Practically a Failure

Baked the two loafs of bread that came from the dough that I made last weekend. If you recall, I accidentally doubled the amount of salt in my recipe, hence I ended up doubling the recipe to catch up. After dividing the dough into four portions I froze two of them, baked two of them and called it a success.

Last weeks bread was tasty. This Friday I thawed the frozen dough for a day in the fridge, then on the counter until I could get home and work on it. When I got home I folded and shaped the dough into two globes, and put them into proofing baskets.

IMG_4570

I had never used baskets before but it certainly simplifies the experience. Previously I would let the dough rise in some very large crockery bowls that I own, they take up a great deal of room and are very good heat sinks. However, I didn’t have trouble rising the bread this way. These baskets went into  a spare bedroom with a space heater running. My thought was that if the bread were to rise in a decent amount of time that I needed the extra heat to help out.

Four hours later I went and the bread seemed to have risen, but I didn’t take a second picture to verify that, or even to look at my previous picture to see how much the bread had risen. I poked at the dough and it seemed to bounce back slowly. Now I know that it didn’t bounce back slowly enough.

I am still not certain what went wrong, but something went wrong. I but bran on the ‘bottom’ of the bread that I was looking at, dumped it out onto a bread peel and popped it into my 450 degree oven on a baking stone for 40 minutes. It did not brown like my last week’s effort. I did not get ‘ears’ on the loaf that indicate a good crust and crumb. When I cut the loaf it was damp, dense, and had gigantic bubbles at the top, near the crust. It had a very sour flavor, it tasted fine, but it could only be eaten if cut into very thin slices. It was edible but ugly.

So this bread came from the same dough batch that was a success last week. For the purposes of troubleshooting it means that this one was different in that it was one week in the freezer, then proofed in baskets for just four hours, whereas last week’s bread took about 8 hours to properly rise on the counter. I don’t know if more time would have helped, since I achieved a bread with gigantic air holes in it. That would indicate the gluten structure had not properly formed. Perhaps I should have folded the dough for the four hours, and then baked it after letting it rise overnight. That is probably what I did wrong. I think I baked this bread without a proper first rise period. Now that I think of it I separated this out and froze half before I folded the bread. That makes the most sense.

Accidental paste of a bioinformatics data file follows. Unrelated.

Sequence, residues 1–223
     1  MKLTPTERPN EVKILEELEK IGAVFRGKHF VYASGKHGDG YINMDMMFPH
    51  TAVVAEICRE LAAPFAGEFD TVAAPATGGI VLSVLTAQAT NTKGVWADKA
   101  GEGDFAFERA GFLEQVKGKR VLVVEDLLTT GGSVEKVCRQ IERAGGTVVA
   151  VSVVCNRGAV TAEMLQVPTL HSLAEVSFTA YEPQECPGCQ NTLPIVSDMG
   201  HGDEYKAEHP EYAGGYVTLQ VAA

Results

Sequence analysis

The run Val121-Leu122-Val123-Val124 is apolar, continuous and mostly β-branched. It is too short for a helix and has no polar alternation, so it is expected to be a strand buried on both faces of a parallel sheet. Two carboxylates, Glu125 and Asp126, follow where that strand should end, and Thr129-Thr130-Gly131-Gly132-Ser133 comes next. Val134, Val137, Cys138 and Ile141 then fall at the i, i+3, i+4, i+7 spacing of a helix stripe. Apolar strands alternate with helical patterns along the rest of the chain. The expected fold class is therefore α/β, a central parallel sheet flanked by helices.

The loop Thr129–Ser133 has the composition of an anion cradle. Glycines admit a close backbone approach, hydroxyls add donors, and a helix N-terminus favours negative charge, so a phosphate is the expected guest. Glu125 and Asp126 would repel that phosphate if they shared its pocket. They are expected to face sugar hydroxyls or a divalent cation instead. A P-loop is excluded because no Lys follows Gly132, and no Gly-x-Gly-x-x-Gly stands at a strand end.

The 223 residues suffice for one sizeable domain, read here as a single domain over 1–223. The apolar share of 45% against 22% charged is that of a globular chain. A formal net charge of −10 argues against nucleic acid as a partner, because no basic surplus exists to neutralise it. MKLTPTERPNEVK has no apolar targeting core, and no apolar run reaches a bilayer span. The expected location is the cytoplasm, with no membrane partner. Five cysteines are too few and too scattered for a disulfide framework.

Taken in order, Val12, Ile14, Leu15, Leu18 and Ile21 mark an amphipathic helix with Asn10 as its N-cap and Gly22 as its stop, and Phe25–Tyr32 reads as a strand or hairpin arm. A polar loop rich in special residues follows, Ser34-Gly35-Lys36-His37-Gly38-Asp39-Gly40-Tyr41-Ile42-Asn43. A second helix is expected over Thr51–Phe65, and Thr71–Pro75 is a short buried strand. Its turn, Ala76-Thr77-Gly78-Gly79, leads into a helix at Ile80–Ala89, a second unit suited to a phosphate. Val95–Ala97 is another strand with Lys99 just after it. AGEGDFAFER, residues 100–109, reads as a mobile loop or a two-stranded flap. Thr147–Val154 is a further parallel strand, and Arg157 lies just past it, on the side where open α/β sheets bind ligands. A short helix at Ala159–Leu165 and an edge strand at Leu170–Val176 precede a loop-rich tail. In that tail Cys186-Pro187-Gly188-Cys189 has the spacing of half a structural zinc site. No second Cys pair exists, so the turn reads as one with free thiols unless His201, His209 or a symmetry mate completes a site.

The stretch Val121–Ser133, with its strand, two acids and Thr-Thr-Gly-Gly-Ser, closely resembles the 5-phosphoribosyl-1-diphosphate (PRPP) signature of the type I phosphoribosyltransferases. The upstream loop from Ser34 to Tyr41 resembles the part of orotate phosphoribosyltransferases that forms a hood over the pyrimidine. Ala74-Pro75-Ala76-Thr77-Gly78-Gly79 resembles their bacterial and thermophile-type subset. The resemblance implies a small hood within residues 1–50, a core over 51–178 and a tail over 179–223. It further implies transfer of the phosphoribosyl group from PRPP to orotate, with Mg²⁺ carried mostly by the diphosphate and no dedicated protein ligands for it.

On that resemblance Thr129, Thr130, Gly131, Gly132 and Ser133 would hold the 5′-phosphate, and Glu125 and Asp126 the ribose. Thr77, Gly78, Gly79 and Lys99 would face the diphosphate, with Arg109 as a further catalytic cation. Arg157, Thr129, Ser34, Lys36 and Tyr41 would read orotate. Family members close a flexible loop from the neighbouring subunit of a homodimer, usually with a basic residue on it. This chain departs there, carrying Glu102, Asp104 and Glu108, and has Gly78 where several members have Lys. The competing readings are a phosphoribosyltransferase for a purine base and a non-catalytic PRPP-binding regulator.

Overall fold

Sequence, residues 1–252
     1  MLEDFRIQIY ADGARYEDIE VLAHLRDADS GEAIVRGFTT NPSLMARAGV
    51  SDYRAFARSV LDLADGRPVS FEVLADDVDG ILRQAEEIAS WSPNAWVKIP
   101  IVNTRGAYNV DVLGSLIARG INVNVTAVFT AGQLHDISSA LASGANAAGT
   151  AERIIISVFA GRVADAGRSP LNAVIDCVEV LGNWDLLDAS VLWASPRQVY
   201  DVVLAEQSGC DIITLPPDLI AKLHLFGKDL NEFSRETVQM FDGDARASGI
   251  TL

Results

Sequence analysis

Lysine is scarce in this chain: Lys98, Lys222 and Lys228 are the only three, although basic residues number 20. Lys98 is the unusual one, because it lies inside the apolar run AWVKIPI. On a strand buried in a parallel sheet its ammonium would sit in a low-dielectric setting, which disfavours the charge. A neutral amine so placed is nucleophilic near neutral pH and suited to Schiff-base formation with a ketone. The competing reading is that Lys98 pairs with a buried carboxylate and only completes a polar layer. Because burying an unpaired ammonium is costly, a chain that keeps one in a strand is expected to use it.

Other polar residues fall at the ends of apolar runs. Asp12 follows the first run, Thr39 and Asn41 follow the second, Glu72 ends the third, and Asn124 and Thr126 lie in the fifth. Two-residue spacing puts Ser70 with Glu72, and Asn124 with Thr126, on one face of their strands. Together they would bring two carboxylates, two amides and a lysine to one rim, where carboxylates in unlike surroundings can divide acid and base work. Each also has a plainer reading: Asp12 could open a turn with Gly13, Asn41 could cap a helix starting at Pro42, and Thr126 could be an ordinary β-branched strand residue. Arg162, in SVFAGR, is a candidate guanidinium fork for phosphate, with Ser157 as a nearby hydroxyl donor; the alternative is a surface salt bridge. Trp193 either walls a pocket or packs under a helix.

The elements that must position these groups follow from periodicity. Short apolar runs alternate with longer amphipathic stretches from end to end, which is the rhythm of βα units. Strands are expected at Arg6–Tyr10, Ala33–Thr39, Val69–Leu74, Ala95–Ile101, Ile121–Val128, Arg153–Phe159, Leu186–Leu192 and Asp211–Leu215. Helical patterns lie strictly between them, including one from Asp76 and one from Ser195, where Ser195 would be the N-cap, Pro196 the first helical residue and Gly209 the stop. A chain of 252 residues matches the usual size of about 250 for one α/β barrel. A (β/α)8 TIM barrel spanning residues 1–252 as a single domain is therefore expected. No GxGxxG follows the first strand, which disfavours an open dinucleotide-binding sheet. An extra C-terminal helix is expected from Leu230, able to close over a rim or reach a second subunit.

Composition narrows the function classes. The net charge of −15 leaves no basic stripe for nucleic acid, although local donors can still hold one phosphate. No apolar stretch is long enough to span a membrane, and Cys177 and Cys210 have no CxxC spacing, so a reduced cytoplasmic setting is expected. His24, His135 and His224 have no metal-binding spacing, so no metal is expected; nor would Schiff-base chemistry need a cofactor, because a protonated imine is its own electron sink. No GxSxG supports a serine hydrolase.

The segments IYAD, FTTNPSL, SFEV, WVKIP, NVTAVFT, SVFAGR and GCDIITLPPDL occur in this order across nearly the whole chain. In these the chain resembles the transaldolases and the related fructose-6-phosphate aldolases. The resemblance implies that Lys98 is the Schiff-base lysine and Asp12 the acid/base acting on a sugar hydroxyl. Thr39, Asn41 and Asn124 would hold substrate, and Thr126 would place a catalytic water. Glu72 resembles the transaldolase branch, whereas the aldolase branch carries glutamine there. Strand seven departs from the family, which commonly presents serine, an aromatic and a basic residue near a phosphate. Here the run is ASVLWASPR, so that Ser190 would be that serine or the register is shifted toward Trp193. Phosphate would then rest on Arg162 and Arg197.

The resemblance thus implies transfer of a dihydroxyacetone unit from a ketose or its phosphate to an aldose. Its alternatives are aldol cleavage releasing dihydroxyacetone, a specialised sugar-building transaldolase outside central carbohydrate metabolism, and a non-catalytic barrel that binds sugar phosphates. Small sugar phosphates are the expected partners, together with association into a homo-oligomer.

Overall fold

I think in future I will not try a bunch of new things on bread I intend to impress my friends with. That is probably a good policy for most things in life. Use the tried and true for company.

I did not take pictures of the finished loaves. The finished bread had pretty proofing basket rings on it. That was the best thing. It smelled good. Probably only I knew what it should look like inside, that it should have had uniform bubbles top to bottom, that it should be light and chewy. I did my best and nothing is a failure that you can learn from, but this felt like ‘not a victory’.

About dcarmack

I am an instrument technician at the electric utility servicing the Kansas City Missouri metropolitan area. I am in the IBEW, Local 412. I was trained to be a nuclear power plant operator in the USN and served on submarines. I am a Democrat, even more so than those serving in Congress or the White House.
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